BBC News reported on the hack Thursday night, but the news agency did not provide any information on what the Rustle League posted. Given that the hacker collective’s website is at the address nazif--.com and one member created the #cutforBeiber meme, we can bet it wasn’t pretty.
This isn’t the first time the Rustle League has targeted Anonymous. In the past, the group hacked into the Twitter account @YourAnonNews and posted the Internet’s most infamous shock porn image, goatse, about 30 times. (If you’re curious -- and you shouldn’t be -- goatse is pretty gross: Don’t Google it.)
Although most Twitter account hacking is done out of malice, Rustle League members who spoke to Vice's Motherboard claimed they are operating out of a spirit of playfulness. Dumb, incredibly offensive playfulness, but playfulness nonetheless. Essentially, they wanted to post over-the-top, offensive content as an effort to get the media interested. Clearly, it worked.
The Rustle League’s name is a reference to an image macro widely circulated on 4chan and Reddit featuring an angry-looking gorilla with the caption, “That really rustled my jimmies.” It’s widely used as a response to trolls online -- people who post deliberately offensive, shocking, or misleading content online to get a rise out of other users. Ultimately, the hacker group doesn’t want to take down Anonymous -- it wants to rustle our collective jimmies.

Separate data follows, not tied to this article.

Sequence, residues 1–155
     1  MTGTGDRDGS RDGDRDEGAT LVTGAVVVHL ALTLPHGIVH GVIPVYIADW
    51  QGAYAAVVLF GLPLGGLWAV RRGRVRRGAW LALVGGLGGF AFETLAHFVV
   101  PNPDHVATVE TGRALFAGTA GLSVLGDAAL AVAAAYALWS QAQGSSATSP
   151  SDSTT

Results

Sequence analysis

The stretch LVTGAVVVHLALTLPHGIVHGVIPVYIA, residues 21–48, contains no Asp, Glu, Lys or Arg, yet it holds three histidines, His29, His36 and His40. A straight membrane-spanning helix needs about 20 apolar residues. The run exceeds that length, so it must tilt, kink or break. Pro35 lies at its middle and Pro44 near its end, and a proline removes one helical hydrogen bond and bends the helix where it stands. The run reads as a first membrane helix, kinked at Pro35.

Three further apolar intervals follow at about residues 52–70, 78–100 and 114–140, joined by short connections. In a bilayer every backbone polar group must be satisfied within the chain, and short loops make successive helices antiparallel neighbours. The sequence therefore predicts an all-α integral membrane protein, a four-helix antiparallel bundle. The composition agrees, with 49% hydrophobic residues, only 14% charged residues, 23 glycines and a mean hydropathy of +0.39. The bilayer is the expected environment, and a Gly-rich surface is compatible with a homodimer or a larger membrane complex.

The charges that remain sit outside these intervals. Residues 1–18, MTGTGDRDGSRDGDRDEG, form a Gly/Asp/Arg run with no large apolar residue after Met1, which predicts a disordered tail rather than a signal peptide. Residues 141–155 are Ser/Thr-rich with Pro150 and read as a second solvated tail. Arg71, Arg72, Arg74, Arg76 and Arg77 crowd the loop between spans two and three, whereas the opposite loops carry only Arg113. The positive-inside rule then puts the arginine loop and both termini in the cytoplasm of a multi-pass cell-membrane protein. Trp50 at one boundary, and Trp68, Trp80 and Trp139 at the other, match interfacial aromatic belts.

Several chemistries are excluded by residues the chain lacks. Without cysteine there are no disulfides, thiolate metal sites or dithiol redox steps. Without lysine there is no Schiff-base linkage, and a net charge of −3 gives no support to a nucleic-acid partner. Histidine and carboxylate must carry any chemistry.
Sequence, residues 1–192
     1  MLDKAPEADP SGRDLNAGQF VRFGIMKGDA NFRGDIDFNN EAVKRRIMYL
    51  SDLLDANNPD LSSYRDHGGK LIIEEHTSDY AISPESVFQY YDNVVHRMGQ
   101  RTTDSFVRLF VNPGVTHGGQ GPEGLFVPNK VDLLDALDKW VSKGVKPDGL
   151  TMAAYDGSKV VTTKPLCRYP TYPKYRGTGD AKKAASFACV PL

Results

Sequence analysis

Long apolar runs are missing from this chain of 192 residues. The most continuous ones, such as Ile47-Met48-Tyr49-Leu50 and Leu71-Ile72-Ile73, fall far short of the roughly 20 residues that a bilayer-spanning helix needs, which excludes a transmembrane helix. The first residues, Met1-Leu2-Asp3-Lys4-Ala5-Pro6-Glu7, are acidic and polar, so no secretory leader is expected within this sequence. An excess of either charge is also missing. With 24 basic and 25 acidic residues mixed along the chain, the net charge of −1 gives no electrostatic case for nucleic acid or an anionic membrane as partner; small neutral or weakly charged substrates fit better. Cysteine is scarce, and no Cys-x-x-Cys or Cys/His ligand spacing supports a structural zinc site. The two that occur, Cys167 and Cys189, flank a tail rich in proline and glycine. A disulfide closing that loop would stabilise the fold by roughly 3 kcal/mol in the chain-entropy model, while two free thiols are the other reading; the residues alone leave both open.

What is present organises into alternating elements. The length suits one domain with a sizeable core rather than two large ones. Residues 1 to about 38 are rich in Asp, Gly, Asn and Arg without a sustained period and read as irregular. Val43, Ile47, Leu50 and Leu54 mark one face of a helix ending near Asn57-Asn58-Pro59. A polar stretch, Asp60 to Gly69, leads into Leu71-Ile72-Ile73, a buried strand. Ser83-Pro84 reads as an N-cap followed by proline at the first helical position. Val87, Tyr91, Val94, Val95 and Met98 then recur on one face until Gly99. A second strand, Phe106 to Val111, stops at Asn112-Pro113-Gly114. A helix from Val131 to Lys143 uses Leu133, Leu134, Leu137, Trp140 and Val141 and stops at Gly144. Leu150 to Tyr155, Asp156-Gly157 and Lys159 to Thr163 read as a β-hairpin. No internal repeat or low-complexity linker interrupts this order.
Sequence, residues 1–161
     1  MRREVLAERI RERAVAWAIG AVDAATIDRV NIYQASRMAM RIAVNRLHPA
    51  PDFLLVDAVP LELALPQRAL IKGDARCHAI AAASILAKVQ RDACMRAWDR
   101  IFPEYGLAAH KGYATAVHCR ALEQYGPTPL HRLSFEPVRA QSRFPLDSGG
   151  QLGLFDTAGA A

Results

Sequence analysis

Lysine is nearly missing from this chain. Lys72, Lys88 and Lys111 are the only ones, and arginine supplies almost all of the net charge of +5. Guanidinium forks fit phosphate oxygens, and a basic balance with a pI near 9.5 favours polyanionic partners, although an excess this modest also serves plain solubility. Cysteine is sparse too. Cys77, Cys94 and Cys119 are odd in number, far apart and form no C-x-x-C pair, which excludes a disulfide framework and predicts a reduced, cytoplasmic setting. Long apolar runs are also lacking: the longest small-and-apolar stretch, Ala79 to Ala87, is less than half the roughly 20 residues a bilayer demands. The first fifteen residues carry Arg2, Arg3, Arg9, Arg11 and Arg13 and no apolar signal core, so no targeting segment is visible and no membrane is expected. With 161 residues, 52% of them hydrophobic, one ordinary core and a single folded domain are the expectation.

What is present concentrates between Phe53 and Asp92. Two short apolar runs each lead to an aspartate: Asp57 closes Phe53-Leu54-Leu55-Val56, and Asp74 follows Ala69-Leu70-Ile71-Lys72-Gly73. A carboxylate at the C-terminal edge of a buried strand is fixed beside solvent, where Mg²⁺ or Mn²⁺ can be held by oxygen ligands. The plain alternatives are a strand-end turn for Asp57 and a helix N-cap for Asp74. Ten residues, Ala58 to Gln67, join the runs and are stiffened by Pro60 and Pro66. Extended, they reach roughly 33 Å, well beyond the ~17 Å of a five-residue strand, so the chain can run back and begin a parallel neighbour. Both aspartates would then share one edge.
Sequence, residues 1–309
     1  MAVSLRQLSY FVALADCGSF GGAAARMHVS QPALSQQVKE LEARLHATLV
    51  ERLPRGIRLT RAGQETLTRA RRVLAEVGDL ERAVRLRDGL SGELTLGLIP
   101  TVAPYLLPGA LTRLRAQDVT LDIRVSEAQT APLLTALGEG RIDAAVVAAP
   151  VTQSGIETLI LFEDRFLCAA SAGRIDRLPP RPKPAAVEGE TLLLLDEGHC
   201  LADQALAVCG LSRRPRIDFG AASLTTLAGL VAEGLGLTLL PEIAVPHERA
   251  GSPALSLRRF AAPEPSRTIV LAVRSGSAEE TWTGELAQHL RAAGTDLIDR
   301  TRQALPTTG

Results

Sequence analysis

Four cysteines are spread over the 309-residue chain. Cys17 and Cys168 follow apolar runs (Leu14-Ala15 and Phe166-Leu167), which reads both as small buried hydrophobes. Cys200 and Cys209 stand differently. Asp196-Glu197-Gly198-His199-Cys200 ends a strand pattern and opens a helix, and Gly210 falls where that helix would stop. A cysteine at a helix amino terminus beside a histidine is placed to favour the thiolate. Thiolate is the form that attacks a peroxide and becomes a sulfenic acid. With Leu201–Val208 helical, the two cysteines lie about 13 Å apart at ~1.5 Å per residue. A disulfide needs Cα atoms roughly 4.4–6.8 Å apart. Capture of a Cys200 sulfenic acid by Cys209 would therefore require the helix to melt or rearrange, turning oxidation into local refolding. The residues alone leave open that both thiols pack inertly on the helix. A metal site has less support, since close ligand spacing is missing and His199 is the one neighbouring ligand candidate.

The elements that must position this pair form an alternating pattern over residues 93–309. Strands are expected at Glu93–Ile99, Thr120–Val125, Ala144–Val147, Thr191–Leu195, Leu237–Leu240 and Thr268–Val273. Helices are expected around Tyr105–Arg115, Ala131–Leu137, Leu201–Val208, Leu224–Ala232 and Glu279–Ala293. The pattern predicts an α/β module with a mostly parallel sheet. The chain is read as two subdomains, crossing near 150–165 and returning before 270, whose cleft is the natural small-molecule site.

“Often we [trolls] rely on the ignorance of the media itself to propagate our messages,” the Rustle League member going by the name of Jihad told Vice. “When the lights went out at the Super Bowl, the Rustle League tweeted, taking responsibility and linking an obviously fake picture of the "control panel" used to 'LYKE OMG HAX0R THE NFL GIBSON.' It wasn't long before that information was up on various news websites and blogs.”
Jihad later called journalism like this “lazy” and “selling ignorance.”
So how did Anonymous fall prey to hacking itself? According to BBC News' reporting, it was hacked because of poor password practices. However, that may not be entirely accurate.
"The reason Anonymous fell victim is probably human weakness," Graham Cluley, senior consultant at security firm Sophos, told BBC News.
Cluley may be right, but in an entirely different way. On Friday night, Vice posted an update of its story, saying that the owners of @Anon_Central were claiming to be in on it the whole time, and that the “hacking” was a collaborated joke.
So it appears both organizations may simply be in it for the lulz.